Alex explains why the best Christmas movie of all time is probably Jingle All the Way.
SPOILER ALERT: This post features extensive spoilers about Jingle All the Way.
It’s almost Christmas, and I just both started and finished all of my shopping. I don’t mess around when I’m in a mall: it’s a calculated attack. I know exactly what I need, I know exactly where to find it, and I am an expert at dodging people who send text messages blindly while they move about the mall. I imagine this is what Christmas shopping is like for Jack Bauer, whenever he isn’t in exile or jailed or momentarily dead. It is possible to shop like this because nobody on my list would desire whatever 2010’s version of a Tickle Me Elmo is. However, as a yearly tradition, I still get to go through the process of finding that seemingly unattainable gift with my dear friend Howard as I watch my favourite Christmas movie.
Jingle All the Way is about Howard Langston (Arnold Schwarzenegger), the head of a Minneapolis-based mattress company. Howard often ignores his family in favour of business, and his wife and child seem to be growing tired of it. His son Jamie, played by incomparable method actor Jake Lloyd, has a karate class on the night of December 23rd, which Howard has promised he will be on time for. But as anybody who has seen a Hollywood movie before can predict, Howard misses the class, sending the Langston family into a fit of Christmas disappointment.
Howard comes home to find Jamie watching a television show about Turboman, who is Jamie’s favourite superhero. Howard is worried about how he is going to mend this situation, and after a few embarrassing attempts to cheer up his borderline comatose son, he comes up with the foolproof American solution. Howard asks his son what he wants for Christmas, and Jamie launches to action, performing a live dramatic interpretation of a commercial for the Turboman action figure. When Howard essentially promises Jamie that he will get him this toy for Christmas, all problems are instantly solved, with father and son sharing a heartwarming hug. And then I weep.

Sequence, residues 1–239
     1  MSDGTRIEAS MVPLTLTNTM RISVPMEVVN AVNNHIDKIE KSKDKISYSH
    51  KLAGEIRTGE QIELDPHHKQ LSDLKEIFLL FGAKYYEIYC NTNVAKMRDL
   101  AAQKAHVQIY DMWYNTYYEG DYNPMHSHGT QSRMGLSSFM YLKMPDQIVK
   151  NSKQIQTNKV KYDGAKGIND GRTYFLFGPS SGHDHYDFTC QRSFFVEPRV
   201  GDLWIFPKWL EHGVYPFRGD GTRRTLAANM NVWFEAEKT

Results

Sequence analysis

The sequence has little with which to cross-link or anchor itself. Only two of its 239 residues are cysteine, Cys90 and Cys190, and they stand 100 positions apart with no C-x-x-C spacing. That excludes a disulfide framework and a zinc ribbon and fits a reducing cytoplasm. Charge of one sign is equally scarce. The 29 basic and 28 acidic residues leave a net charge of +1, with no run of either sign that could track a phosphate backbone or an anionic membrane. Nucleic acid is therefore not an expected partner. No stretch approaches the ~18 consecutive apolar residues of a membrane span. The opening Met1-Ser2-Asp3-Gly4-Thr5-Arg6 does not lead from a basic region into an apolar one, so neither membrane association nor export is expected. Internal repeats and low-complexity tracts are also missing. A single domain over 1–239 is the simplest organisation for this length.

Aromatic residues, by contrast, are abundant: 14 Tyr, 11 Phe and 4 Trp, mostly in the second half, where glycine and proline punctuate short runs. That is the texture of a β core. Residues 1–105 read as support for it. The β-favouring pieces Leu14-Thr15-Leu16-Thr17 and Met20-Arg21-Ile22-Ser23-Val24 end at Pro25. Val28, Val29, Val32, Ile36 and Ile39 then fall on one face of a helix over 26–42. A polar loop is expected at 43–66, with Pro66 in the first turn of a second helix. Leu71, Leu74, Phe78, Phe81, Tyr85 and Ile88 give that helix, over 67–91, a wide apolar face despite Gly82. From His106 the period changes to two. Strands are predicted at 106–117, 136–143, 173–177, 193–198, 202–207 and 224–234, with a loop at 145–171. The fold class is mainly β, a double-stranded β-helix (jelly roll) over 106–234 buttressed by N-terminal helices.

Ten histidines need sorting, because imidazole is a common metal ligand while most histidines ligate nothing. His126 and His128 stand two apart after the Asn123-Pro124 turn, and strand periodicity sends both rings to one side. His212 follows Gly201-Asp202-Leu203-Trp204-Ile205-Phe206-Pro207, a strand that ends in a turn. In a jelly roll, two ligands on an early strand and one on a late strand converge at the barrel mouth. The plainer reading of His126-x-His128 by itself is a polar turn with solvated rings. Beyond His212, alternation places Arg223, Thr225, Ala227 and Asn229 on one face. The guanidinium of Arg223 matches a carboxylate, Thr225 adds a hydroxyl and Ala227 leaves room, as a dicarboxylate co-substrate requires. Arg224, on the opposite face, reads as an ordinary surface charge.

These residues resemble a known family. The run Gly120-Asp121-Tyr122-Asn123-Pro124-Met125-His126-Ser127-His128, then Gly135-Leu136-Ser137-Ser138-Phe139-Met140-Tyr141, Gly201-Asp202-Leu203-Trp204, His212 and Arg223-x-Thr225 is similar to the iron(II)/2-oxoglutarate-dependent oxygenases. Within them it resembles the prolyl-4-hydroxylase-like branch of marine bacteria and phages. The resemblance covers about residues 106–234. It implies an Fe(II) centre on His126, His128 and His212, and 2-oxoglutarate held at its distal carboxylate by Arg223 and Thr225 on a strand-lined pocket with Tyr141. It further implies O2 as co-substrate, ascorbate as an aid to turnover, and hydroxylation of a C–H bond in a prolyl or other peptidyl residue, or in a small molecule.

Jingle All the Way is a Christmas movie, yes, but it is to Christmas what Cops is to law enforcement. It focuses on the worst aspects of Christmas, and does so in a way that (at best) only seems vaguely ironic. Everybody knows that Christmas hasn’t been about Jesus’ birth in a long time, but this movie more or less says that Christmas is almost exclusively about capitalism. I’m not calling for a widespread return to Christian values here, I’m just saying that at this point, Jingle All the Way is possibly the most accurate Christmas movie there is. Everybody needs to buy a Turboman doll, because if they don’t, their kid will hate them forever.
The majority of the movie takes place on Christmas Eve, documenting Howard’s pursuit of the elusive Turboman. At the first toy store he goes to, he meets Myron (Sinbad, who is somehow actually pretty funny in this), a postal worker who is stuck in the same predicament as Howard. They end up battling each other as a sort of Wile E. Coyote/Road Runner duo, which leads to the other interesting/upsetting element of the movie. Howard rocks the well-starched white collar of corporate bliss, while Myron (literally and figuratively) wears the blue collar of the US Postal Service. The classes are in contention here, and it could get ugly.